Sunday, July 22, 2018

Abundant sour cherries

We've never lived anywhere conducive to growing cherries, although I've certainly enjoyed Bing cherries from the Pacific Northwest, as well as occasional sour cherry products of varying sorts.

So it was with some amazement that we've watched the two large cherry trees develop fruits and slowly ripen.  A visitor (from Florida) said one was a Rainier because of its appearance, but the taste of ripening fruits didn't seem like Rainier, nor were they the right size.  They are now turning completely red.

Fruits from one of the trees are really quite tasty, the other tree's fruits are still sour.  As sweet cherries aren't supposed to be hardy here, I'm imagining that these are sour cherries that happen to be good for fresh eating, too, if you don't expect them to taste like Bings!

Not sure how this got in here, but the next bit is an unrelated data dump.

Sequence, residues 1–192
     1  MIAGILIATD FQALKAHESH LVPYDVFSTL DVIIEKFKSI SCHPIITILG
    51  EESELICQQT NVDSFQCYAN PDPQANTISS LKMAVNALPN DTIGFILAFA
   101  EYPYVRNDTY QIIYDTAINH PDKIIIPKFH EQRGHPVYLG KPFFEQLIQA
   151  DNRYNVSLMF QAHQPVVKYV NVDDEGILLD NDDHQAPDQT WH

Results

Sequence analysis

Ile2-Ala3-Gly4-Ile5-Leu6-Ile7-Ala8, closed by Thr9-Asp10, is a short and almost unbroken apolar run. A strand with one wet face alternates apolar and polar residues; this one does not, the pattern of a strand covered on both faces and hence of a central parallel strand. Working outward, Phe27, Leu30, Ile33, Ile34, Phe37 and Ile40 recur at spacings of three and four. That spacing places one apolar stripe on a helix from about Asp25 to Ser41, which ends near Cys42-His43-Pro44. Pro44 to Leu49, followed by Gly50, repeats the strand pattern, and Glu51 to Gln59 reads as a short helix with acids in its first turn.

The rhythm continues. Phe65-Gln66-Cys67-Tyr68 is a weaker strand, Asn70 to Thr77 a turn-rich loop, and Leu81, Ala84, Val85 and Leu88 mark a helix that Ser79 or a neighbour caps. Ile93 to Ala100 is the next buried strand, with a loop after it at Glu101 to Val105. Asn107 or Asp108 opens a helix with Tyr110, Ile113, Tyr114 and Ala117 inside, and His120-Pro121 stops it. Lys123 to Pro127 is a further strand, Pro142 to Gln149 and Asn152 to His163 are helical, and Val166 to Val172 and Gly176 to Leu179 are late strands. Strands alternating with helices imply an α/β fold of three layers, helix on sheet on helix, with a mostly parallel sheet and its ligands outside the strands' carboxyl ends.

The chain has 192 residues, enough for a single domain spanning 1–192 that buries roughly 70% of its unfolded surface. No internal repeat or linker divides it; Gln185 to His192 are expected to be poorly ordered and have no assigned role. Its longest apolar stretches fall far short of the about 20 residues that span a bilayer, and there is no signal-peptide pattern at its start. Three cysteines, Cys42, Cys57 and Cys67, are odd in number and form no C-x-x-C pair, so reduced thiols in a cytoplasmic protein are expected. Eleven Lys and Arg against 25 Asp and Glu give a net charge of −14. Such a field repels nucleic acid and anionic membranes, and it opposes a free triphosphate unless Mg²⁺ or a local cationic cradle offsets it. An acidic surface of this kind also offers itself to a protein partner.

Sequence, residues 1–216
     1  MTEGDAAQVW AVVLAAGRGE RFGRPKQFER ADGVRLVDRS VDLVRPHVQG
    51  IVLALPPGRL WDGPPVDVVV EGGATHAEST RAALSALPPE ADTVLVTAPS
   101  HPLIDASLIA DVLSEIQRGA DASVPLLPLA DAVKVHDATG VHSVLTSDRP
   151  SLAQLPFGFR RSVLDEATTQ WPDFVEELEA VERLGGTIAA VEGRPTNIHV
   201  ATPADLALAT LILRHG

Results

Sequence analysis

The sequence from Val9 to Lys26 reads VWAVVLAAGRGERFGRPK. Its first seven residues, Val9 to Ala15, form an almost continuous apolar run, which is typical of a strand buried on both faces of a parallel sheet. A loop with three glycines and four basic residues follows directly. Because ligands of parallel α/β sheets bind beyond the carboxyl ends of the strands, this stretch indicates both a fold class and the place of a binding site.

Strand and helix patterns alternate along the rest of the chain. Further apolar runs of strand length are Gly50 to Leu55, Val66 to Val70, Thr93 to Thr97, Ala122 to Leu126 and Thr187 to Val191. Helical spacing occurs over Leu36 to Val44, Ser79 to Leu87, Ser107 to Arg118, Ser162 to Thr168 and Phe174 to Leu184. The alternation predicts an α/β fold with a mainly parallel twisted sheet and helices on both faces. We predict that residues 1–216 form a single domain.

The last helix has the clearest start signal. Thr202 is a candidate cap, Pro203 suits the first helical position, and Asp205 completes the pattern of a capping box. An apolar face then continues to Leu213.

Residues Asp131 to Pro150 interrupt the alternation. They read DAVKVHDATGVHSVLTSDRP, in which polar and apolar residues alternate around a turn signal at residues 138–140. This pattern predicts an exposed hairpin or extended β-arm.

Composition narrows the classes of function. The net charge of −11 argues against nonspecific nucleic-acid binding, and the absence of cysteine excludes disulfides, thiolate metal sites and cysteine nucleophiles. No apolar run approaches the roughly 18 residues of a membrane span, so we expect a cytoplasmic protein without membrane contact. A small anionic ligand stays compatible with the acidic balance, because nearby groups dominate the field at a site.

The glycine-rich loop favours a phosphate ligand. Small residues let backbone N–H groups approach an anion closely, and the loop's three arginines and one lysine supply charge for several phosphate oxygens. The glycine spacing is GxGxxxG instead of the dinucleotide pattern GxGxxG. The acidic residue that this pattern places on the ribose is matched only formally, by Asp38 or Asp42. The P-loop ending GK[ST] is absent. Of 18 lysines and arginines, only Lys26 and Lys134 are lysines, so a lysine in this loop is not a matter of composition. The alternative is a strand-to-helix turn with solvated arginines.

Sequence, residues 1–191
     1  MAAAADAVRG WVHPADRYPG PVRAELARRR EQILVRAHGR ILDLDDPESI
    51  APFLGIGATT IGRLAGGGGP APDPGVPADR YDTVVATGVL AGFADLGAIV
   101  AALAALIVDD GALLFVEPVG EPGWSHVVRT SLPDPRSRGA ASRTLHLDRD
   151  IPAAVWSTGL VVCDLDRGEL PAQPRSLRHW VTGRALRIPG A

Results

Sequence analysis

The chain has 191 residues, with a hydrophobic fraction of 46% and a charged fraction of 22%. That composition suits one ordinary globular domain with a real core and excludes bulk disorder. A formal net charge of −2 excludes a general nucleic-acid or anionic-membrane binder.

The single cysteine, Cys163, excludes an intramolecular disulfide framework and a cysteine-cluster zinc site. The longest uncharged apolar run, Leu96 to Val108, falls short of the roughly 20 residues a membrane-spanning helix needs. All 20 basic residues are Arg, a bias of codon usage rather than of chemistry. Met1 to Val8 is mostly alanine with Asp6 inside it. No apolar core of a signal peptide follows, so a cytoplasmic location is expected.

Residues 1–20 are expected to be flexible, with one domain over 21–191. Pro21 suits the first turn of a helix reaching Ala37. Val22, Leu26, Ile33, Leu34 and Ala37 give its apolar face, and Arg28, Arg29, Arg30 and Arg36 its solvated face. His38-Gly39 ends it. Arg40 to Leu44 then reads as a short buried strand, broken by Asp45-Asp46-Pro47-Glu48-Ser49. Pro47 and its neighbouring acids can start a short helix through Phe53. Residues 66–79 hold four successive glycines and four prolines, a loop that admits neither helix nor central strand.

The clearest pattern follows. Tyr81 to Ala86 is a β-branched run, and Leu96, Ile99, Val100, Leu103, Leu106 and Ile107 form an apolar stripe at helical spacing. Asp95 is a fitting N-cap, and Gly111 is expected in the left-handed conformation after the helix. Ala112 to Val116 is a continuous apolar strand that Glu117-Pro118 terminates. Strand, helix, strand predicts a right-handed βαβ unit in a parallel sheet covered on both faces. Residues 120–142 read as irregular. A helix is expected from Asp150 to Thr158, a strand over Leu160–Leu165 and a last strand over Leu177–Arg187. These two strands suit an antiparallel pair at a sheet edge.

These two trees are large, requiring a ladder to pick most of the fruits.  There are way too many to harvest completely, in any case, in the time I have before we leave.  I'm not sure what I'd do with all of them, aside from drying or freezing, and I don't yet have a dehydrator or a cherry pitter (I'm not sure about the paper clip/straw/ice pick alternative methods...)  Apparently, you can also just freeze them whole. As we do have an empty chest freezer in the basement, maybe that's the ticket.

The birds so far in the garden don't seem interested yet, but we're surrounded by a lot of pastures and fields, so perhaps many of the fruit-eating birds haven't made their way here yet!  There are abundant robins in the national park, but we haven't seen them in our garden here.

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